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Vaccinations & Health Checks

 

Vaccinating your pet throughout their life is one of the most effective ways you can help keep your pet, and others around you, safe from serious and often life-threatening infectious diseases. 

For many of you, a vaccination is the only time your pet will see a vet, therefore, our vets will also examine your pet from nose to tail, weigh them and answer any questions you may have. 

How do vaccines work?

Vaccines work by training the white blood cells in your pet's body to recognise and attack the viruses or bacteria contained within the vaccine. This should prevent infection with that particular organism if your pet comes into contact with it again.

When to vaccinate

For the first few weeks of life, puppies and kittens are usually protected against disease from the immunity they receive in their mother's milk. However, this maternal immunity may also neutralise any vaccine given at this time. Gradually this protection decreases to a point where your puppy or kitten is no longer protected. At this level, vaccination of your pet will be most effective.

Your veterinary surgeon will suggest a programme of vaccinations to fit in with your pet´s particular needs and the local disease pattern.

We advise vaccinating puppies at 8 and 10 weeks old and kittens at 9 and 12 weeks old.

Annual Vaccination

Many people believe that if they have their pet vaccinated when they are young the immunity they receive will protect them for the rest of their lives.

Unfortunately this is not the case.

After the last injection, the immune level reaches a peak and then begins to decline. After a year, the level of protection offered to your pet may no longer be sufficient.

Revaccination stimulates the immune response so that protection is maintained for another year. Without these yearly vaccinations, your pet's immune system may not be able to protect them from serious, often fatal disease

What to vaccinate against

Dogs

Distemper, Hepatitis and Parvovirus (DHP): a combination vaccine that last 3 years.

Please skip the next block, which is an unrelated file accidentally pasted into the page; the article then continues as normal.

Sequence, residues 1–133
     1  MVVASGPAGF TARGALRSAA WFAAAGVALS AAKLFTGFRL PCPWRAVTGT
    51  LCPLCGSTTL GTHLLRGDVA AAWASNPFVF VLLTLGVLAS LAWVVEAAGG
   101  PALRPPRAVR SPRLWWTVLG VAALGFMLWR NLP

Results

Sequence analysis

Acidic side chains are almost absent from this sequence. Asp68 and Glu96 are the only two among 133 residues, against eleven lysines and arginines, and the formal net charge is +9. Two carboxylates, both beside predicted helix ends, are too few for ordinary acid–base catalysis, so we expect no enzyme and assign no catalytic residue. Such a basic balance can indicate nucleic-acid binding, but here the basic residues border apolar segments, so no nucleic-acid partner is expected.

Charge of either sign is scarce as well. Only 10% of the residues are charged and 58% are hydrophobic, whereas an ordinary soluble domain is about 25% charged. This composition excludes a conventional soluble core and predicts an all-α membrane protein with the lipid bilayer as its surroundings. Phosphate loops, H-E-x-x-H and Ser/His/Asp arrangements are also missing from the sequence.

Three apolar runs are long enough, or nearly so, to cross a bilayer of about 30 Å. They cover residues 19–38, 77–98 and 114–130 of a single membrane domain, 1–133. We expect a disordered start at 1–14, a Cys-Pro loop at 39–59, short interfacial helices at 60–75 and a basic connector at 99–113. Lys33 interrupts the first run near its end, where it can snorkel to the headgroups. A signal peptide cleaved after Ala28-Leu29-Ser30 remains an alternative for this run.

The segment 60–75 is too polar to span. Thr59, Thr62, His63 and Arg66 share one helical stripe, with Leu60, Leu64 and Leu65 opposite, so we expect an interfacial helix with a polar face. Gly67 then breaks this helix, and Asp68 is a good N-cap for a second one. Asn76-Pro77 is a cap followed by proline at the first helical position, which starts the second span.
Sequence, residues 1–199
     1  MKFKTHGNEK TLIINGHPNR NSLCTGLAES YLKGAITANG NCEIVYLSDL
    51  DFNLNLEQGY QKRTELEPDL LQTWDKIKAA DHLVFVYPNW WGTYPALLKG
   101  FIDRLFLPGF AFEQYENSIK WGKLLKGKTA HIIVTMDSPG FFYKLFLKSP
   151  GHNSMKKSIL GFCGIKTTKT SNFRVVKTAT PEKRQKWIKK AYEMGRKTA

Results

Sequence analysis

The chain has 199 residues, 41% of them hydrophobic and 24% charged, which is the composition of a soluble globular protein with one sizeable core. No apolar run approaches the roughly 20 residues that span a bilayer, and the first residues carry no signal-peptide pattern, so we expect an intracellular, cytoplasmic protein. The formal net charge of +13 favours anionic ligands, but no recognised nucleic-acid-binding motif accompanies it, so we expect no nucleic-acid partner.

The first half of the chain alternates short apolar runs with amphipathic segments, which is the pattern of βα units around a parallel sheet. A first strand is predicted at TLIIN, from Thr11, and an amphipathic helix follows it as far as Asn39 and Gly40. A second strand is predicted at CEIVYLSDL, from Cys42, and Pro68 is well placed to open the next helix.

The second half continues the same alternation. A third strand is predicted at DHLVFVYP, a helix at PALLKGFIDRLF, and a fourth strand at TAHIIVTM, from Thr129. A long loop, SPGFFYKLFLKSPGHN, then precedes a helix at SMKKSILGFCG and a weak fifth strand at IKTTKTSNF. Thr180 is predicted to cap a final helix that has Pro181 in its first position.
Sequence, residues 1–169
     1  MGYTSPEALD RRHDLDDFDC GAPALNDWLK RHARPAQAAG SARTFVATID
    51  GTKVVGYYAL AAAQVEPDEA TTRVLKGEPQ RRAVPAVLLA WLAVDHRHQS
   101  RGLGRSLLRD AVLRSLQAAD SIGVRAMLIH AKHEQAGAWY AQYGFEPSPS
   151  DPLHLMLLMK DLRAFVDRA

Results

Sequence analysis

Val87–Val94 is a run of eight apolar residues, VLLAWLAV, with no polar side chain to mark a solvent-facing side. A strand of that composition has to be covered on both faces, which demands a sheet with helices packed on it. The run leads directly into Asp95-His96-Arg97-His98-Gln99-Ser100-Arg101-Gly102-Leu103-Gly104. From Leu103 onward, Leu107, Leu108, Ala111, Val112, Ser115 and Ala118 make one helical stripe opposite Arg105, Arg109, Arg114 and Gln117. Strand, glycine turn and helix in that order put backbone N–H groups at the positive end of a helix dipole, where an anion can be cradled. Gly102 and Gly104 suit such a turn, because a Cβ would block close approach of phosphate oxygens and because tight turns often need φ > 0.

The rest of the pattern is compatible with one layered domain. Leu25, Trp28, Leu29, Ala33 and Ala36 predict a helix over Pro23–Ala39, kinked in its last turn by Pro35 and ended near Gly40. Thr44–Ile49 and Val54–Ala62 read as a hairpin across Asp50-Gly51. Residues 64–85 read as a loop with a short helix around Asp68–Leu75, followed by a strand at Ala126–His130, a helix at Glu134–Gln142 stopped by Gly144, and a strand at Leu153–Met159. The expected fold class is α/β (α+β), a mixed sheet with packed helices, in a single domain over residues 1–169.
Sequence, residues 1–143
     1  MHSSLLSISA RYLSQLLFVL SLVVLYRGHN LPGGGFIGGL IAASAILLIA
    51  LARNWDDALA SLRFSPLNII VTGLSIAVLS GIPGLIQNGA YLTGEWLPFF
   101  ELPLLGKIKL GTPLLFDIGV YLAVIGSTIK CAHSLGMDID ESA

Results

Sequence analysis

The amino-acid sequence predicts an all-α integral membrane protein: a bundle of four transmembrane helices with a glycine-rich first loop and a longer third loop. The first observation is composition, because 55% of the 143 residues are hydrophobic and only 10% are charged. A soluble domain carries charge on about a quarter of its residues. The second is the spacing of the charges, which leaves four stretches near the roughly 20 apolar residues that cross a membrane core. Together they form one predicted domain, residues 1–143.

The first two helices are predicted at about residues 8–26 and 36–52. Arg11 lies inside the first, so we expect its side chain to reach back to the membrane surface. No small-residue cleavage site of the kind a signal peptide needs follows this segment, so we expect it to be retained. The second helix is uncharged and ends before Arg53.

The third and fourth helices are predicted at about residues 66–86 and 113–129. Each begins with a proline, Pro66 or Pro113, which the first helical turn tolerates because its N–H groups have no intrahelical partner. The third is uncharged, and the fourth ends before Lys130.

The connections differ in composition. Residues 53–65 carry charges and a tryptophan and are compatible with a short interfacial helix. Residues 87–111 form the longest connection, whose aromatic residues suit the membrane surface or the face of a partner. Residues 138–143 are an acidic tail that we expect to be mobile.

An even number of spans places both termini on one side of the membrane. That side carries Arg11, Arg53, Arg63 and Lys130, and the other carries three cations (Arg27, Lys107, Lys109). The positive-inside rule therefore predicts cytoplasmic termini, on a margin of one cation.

Distemper: Canine distemper, sometimes referred to as "hard pad disease", is caused by a virus very similar to the measles virus, although it is not a risk to humans. Transmission of the virus is by inhalation and direct contact. 

The distemper virus attacks most parts of the body, including the spleen and bone marrow. This makes it easier to catch secondary infections. As the disease progresses, the virus spreads to the lungs, gut, eyes, skin and brain.

Typical clinical signs include high temperature, discharge from the eyes and nose, cough, vomiting and diarrhoea. Hardening of the skin may occur, in particular the nose and pads, hence the term "hard pad". The virus can reach the brain causing permanent damage, ranging from involuntary twitches to fits. Dogs that recover may be left with some permanent disability such as cracked pads and nose, epilepsy and damage to teeth enamel.

Treatment is lengthy, expensive and most importantly, often unsuccessful. As the incubation period is long - often about three weeks - it is usually too late to vaccinate when an outbreak occurs.

Hepatitis:  As the name suggests, canine hepatitis attacks the liver. Some dogs may become infected but show no obvious signs. In acute cases, death can occur within 24-36 hours. The disease is spread by direct contact and from faeces, saliva and urine of infected dogs. The virus is carried to the liver and blood vessels where the major signs of the disease appear. The symptoms are variable ranging from a slight temperature to extreme cases of sudden death. Intermediate signs include fever, vomiting, pale gums, jaundice, abdominal pain and internal bleeding. 

Parvovirus: Parvovirus is perhaps the most common canine infectious disease. Parvovirus was first recognised in the late 1970s and rapidly became an epidemic. Sadly, this disease remains a major problem. Outbreaks still occur regularly across the country. The disease is characterised by bloody diarrhoea in young animals, with a distinctive offensive odour and severe dehydration. Many will die within hours from onset of symptoms. Once a dog becomes infected by parvovirus, the virus invades the intestines and bone marrow. This leads to sudden and severe bleeding into the gut, resulting in dehydration, shock and damage to the immune system. Death is common and frequently rapid unless emergency veterinary treatment is received.